Born: 29 April 1905
Died: 29 August 1987
Philip Smith, radar developer and inventor of the Smith Chart, was born in Lexington, Massachusetts on 29 April 1905. He grew up on a farm in Lexington and was educated in the town’s public schools. As a teenager, Smith put together an amateur radio station with many homemade parts and even contributed a number of short articles to the radio section of the Boston Traveler. This intense interest in radio left little doubt in Smith’s mind that he wanted an electrical engineering career. Unfortunately, his other subjects, such as History and French suffered, and Smith had to spend an extra year studying to pass his college entrance exams.
The studying paid off and Smith attended Tufts College (now Tufts University), where he was an active amateur radio operator. He graduated in 1928 with a degree in electrical engineering. That same year he joined the technical staff of the Radio Research Department of Bell Telephone Laboratories in New Jersey where he would work for over 40 years.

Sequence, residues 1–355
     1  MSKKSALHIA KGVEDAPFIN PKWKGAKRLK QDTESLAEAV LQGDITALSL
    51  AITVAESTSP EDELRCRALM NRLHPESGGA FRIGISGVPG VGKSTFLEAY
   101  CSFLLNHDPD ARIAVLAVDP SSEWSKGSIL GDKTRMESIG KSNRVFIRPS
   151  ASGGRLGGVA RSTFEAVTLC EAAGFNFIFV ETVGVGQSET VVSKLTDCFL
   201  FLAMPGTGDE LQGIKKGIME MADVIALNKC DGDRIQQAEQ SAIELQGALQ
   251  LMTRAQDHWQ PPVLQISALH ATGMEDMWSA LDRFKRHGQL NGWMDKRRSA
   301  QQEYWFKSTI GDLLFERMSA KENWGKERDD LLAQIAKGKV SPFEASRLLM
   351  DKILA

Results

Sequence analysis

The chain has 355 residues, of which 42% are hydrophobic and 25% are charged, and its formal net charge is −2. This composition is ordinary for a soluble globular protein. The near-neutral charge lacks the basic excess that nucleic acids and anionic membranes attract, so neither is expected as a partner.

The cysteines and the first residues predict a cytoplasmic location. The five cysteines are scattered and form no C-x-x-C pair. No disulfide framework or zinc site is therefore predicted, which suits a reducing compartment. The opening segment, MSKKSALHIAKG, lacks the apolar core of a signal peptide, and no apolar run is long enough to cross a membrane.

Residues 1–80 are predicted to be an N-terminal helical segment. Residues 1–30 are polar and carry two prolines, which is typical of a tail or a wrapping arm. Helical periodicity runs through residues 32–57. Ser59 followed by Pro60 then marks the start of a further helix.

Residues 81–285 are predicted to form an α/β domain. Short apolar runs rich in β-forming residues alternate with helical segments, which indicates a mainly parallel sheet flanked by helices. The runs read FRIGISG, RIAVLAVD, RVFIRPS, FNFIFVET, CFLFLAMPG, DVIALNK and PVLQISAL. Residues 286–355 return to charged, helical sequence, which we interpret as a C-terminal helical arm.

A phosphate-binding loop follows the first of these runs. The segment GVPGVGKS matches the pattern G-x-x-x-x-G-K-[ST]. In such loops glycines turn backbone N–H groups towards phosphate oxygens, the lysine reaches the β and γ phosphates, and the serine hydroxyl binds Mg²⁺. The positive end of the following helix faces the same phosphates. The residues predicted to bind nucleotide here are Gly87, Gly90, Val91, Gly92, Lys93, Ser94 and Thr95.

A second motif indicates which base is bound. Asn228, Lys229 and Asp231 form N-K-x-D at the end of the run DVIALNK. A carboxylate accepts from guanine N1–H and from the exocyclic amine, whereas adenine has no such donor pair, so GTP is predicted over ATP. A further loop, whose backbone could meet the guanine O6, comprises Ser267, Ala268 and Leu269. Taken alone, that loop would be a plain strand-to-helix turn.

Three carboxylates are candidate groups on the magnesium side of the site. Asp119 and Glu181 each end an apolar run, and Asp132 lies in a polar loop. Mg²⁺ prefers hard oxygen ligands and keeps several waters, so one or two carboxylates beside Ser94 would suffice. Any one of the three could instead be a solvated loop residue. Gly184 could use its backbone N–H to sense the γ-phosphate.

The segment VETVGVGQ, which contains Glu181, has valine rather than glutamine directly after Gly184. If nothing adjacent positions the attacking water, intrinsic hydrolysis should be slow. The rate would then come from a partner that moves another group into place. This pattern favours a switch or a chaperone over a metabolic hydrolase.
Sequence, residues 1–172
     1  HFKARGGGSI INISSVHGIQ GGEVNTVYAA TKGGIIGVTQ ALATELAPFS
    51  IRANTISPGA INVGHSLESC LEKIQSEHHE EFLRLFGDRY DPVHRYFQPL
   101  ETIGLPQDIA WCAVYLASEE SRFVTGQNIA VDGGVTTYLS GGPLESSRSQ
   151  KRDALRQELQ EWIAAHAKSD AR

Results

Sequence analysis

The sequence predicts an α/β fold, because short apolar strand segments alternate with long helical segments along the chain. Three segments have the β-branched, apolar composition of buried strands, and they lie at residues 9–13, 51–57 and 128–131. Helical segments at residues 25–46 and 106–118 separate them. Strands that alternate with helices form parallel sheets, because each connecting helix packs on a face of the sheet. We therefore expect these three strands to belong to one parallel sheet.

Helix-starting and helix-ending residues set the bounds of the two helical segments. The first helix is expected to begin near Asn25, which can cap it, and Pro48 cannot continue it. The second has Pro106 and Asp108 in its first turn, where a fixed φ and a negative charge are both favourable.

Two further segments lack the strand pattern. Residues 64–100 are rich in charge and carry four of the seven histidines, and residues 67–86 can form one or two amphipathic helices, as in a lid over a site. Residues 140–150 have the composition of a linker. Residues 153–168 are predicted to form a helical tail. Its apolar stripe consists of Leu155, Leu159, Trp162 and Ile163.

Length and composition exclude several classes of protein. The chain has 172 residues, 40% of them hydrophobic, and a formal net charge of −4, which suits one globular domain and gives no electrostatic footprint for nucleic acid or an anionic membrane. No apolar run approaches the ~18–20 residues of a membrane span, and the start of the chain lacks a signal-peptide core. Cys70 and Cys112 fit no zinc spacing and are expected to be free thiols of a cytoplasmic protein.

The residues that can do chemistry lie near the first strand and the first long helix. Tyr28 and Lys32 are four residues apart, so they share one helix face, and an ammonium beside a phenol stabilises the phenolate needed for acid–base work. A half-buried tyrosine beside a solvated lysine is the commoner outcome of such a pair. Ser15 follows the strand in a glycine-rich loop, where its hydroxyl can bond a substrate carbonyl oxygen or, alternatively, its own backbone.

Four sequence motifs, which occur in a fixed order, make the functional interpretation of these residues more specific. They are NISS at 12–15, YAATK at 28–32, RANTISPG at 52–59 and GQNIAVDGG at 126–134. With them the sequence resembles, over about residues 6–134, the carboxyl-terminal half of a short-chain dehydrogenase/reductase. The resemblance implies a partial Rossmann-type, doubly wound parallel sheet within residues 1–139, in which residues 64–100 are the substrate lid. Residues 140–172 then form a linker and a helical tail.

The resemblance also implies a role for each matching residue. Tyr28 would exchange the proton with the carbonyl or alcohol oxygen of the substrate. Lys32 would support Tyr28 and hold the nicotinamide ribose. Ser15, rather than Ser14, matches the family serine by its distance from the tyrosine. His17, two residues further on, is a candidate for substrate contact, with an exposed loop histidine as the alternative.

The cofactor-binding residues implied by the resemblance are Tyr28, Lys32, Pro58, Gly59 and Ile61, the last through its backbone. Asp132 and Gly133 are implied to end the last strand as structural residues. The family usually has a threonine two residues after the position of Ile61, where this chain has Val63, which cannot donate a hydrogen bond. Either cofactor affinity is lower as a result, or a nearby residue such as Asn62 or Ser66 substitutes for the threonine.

During his tenure at Bell Labs, Smith was involved in many different types of research. These included the design and installation of directional antenna equipment for commercial AM radio broadcasting, early microwave radar antenna developments for submarine use, FM broadcasting antenna design, and military weapon radar systems. He also supervised groups responsible for the electrical design of the Distant Early Warning (DEW) Line, the Nike-Zeus missile, and an anti-ballistic-missile program for the U. S government that became known as Safeguard. However, Smith remains most well known for developing the Smith Chart, a kind of engineers’ play chart for microwaves.
After a long, illustrious career, Smith retired from Bell Labs in 1970 and formed his own company, Analog Instruments, which merchandised navigational instruments for light aircraft and later supplied Smith Charts and chart-related items. By 1975 Smith had sold about 9 million copies of his chart to microwave engineers all over the world. Even though computers are now the dominant design tool, the Smith Chart remains vital to the field of microwaves. Its usefulness continues to this day as a method of displaying measured and calculated data produced by computer software and modern measurement instruments. Smith passed away on 29 August 1987.